A good place to start, for children's literature anyway, is the Aboriginal authors & illustrators page curated by the University of Saskatchewan library. And if you are in Toronto, check out the AMAZING Osborne Collection of Early Children's Books.
In terms of printed book collections, a couple of my favourites sources to check out would be (in no particular order):
- Edith Fowke's Folklore of Canada (1976) and Folktales of French Canada (1979)
- George Arsenault's Acadian Legends, Folktales and Songs (2002)
- A Kayak Full of Ghosts, Lawrence Millman (2003)
- Little Jack and other Newfoundland Folktales (2002), available through Memorial University's Department of Folklore
- Helen Creighton. Bluenose Ghosts. (1957)
If you like audio collections, check out the StorySave project by Storytellers of Canada - Conteurs du Canada, a very important project working to preserve the voices of storytelling elders from a wide variety of Canadian communities, everything from Chinese stories and stories in Irish, to tales from the Omushkigo and Kainai people.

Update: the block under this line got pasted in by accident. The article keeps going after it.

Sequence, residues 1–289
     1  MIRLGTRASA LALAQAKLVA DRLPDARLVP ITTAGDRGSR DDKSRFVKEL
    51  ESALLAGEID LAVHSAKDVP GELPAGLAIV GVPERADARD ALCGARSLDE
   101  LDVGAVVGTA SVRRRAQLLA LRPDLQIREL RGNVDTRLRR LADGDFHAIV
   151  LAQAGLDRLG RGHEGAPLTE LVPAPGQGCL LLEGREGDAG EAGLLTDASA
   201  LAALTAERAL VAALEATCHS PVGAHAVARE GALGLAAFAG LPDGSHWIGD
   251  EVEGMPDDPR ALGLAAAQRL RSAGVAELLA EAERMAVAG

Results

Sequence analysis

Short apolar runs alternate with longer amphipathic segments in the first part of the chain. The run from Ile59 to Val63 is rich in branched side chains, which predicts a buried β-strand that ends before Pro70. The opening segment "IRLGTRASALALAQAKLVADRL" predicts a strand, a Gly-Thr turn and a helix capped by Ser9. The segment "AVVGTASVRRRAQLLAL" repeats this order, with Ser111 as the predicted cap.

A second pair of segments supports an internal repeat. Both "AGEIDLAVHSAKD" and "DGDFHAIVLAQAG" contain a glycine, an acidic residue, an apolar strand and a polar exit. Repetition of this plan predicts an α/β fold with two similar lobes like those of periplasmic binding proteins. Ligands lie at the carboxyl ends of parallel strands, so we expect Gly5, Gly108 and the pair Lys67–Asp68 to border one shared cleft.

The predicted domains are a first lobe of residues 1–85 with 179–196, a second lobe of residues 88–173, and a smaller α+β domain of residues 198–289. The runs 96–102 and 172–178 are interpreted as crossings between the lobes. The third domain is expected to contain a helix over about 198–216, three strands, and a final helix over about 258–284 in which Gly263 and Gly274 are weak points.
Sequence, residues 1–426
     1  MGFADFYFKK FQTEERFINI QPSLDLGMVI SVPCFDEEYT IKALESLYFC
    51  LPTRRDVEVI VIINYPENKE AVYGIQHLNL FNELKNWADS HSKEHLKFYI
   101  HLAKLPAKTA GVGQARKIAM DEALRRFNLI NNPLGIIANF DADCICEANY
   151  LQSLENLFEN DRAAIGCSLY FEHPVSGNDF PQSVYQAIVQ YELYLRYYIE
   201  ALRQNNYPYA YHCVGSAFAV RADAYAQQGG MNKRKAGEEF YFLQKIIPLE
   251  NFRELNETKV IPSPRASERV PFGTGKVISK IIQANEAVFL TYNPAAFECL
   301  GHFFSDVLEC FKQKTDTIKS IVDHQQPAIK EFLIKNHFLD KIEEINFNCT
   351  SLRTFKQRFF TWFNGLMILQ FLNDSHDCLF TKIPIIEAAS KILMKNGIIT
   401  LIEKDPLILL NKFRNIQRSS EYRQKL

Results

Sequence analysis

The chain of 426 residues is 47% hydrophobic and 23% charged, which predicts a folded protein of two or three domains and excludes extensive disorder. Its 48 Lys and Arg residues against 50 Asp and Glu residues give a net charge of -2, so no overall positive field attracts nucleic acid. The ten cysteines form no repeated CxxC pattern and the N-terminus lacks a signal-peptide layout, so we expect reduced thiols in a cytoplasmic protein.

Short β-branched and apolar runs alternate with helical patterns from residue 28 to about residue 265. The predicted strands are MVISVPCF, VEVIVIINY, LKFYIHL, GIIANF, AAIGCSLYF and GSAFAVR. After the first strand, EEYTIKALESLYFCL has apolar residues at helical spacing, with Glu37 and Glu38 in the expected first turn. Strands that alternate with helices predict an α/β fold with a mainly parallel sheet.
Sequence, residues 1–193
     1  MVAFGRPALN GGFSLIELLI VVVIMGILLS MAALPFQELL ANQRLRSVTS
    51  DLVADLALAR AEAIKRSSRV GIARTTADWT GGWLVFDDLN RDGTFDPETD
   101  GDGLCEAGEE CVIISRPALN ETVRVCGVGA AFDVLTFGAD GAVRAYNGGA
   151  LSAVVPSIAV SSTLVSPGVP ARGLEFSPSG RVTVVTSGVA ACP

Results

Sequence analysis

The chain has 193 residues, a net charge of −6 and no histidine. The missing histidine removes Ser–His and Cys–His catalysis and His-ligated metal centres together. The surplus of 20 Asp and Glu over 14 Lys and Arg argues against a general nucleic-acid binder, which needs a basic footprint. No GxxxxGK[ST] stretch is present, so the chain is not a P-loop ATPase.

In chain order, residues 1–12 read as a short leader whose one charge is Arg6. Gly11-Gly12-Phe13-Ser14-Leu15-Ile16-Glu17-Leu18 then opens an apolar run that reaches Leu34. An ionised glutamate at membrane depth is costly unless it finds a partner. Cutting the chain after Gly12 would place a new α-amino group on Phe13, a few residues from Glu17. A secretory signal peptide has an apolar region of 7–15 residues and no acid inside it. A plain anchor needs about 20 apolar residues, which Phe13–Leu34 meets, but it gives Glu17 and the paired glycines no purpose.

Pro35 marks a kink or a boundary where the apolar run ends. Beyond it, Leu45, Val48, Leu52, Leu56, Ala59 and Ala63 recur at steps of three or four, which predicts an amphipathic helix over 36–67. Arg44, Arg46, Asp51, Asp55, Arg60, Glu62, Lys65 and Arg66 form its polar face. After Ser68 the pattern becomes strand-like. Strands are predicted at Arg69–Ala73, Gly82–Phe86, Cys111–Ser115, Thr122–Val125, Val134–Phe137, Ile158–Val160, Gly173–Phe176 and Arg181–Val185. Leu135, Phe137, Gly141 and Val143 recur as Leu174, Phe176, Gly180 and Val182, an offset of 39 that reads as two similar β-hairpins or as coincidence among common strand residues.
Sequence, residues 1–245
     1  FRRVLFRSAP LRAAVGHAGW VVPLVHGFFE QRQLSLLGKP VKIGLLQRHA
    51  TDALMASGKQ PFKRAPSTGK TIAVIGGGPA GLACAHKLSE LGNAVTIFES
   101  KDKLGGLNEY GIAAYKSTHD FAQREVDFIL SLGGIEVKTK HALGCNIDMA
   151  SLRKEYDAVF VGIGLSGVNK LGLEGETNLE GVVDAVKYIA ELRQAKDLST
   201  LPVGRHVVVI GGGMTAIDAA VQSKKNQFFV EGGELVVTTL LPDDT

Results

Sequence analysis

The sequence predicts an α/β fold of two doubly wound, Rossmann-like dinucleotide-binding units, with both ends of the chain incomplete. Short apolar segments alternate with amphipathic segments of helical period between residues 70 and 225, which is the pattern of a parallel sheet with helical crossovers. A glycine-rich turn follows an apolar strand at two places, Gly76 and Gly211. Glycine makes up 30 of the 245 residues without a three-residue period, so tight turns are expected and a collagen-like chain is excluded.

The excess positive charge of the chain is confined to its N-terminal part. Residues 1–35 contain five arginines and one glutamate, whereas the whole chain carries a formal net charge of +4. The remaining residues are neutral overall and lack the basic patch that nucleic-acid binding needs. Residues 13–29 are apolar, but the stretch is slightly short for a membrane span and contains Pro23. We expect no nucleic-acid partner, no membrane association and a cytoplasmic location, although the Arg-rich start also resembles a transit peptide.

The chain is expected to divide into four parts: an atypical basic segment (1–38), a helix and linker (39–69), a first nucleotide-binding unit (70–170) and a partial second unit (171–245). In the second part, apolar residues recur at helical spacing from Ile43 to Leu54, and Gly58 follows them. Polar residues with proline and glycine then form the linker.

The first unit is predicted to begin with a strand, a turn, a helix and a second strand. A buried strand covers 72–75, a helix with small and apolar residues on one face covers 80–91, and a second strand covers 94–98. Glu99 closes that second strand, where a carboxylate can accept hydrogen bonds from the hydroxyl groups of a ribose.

And, because I love Newfoundland folklore so much, every folklorist/storyteller/book lover needs to own Peg Bearskin, printed by the fabulous Running The Goat Books and Broadsides. Tell Marnie I sent you!
This list is pretty Atlantic coast heavy, and I'm sure there a lot more resources out there specific to Francophone and Indigenous communities. Comments and suggestions welcome!
And if you are in the mood to listen to a Canadian folktale, sit back with a cup of tea and let my favourite storyteller Alice Lannon tell you the story of Open, Open, Green House.